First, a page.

Visible to the public Using Coq to Verify DPLL


Most large software systems have complex data structures with complex invariants. Many bugs can be traced to code that does not maintain these invariants. As an example, the Heartbleed bug can be traced to an attacker sending a packet that violates an invariant that is assumed to be true in the OpenSSL code. Often these invariants are not well documented. However, maintaining them is necessary for correct operation of the software.

In order to develop techniques for verifying complex invariants, we are in the process of developing a verification of a simplified DPLL algorithm. We have a C implementation of this algorithm which is about 200 lines of code. The code implements the two watch variable algorithm for efficient unit propagation. Our proof verifies that the code properly maintains the watch variable invariant. This invariant is described using separation logic and consists of 100 lines of Coq code.

The verification uses our PEDANTIC framework which is designed for verifying the correctness of C-like programs using the Coq theorem prover. PEDANTIC is designed to prove invariants over complex dynamic data structures such as inter-referencing trees and linked lists. The language for the invariants is based on separation logic. The PEDANTIC tactic library has been constructed to allow program verifications to be done with reasonably compact proofs.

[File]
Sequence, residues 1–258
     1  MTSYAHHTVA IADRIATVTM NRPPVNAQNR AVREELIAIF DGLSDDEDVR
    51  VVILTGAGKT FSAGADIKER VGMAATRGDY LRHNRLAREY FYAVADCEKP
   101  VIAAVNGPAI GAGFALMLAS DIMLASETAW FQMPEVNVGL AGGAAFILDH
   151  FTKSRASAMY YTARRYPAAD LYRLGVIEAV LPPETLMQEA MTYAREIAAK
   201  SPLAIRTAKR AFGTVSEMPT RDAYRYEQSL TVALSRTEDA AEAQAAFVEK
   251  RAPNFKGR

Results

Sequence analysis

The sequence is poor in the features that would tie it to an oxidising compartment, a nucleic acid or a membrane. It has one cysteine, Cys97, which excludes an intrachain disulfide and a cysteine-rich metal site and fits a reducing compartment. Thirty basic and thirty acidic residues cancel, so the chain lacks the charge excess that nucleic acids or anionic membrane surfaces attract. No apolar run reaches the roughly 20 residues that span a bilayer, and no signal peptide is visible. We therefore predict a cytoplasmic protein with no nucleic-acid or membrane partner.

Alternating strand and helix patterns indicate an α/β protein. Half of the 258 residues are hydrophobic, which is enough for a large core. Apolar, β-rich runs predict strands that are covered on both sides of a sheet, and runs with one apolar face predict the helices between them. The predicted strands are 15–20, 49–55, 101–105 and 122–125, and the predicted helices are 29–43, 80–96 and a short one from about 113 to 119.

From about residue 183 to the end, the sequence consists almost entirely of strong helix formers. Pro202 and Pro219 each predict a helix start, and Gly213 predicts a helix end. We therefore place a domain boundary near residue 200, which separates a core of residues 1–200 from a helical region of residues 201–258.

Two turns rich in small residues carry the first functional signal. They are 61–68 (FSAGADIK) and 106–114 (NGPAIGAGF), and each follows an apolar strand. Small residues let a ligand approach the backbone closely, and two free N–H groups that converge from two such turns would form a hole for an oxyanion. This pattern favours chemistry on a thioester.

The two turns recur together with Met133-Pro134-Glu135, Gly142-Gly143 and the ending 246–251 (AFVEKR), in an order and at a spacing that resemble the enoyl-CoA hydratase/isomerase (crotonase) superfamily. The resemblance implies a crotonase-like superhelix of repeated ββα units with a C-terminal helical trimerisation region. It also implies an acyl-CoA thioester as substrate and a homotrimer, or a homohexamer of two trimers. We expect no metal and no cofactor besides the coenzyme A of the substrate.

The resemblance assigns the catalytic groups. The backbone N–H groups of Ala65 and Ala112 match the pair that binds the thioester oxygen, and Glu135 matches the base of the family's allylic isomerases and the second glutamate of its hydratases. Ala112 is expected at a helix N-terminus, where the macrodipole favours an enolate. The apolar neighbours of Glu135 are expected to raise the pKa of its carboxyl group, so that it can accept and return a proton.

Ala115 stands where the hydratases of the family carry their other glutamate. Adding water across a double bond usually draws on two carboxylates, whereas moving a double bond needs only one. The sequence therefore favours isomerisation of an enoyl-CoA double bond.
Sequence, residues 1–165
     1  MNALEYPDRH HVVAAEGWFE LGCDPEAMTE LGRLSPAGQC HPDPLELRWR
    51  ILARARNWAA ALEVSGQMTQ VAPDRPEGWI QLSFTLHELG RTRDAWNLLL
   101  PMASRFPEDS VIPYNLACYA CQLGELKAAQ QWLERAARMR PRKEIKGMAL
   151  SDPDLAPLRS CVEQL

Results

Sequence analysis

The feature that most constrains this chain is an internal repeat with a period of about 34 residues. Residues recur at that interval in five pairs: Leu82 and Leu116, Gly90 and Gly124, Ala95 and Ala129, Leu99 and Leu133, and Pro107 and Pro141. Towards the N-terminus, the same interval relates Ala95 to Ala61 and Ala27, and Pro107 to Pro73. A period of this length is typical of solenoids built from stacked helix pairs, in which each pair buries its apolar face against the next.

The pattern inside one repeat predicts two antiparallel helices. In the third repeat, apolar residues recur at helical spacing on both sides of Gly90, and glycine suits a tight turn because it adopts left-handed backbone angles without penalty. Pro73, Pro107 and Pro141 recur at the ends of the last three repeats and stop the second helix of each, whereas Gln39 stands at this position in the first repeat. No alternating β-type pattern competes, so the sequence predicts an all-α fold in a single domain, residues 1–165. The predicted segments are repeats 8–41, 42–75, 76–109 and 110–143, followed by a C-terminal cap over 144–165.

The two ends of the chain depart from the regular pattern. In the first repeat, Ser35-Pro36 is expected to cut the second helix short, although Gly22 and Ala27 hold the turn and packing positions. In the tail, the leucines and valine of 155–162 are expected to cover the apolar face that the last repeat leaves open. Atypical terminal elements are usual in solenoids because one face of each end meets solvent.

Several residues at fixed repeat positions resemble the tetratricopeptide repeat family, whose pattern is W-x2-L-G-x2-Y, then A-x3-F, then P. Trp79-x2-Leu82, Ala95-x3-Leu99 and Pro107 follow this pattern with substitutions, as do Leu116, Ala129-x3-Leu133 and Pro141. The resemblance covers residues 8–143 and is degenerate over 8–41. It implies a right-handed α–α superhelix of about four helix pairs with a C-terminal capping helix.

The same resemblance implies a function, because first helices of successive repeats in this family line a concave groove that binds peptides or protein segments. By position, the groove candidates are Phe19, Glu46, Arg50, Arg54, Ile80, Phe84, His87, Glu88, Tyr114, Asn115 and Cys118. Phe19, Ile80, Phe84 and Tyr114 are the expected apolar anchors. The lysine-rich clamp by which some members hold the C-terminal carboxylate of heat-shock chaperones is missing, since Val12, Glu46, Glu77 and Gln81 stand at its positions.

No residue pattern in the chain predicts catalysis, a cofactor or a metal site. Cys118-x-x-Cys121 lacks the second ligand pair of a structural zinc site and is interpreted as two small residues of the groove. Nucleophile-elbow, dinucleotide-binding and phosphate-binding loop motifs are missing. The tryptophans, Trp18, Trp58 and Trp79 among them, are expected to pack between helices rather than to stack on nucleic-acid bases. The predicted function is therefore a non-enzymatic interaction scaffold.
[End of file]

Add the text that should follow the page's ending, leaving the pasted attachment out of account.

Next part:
While working on the DPLL example, we have found existing Coq IDE tools to not be well suited for some of the tasks needed for a complex verification task. For example, if while verifying an entailment, we find an error in the invariant, then all theorems that have been completed need to be modified and their scripts revised. It would be nice to have an intelligent replay that can guess at changes that need to be made to the scripts. We are in the early stages of developing an IDE based on Python. In addition to replay, the IDE will present a scripting language in which programs can be written to automate some editing tasks. We will an overview of this IDE in our poster.

For more information on this research, check out the website at

Presenter Bio

Kenneth Roe is a PhD student at Johns Hopkins. He returned to graduate school in 2010 after working in the industry for many years. With this work experience, he has a good understanding of the key challenges in developing commercial quality software. This understanding guides his research in formal methods. In addition, Kenneth Roe runs a small business selling iPhone apps. His most successful app, Smart Recorder, has over 1,000,000 device installs and has over 40,000 regular users.

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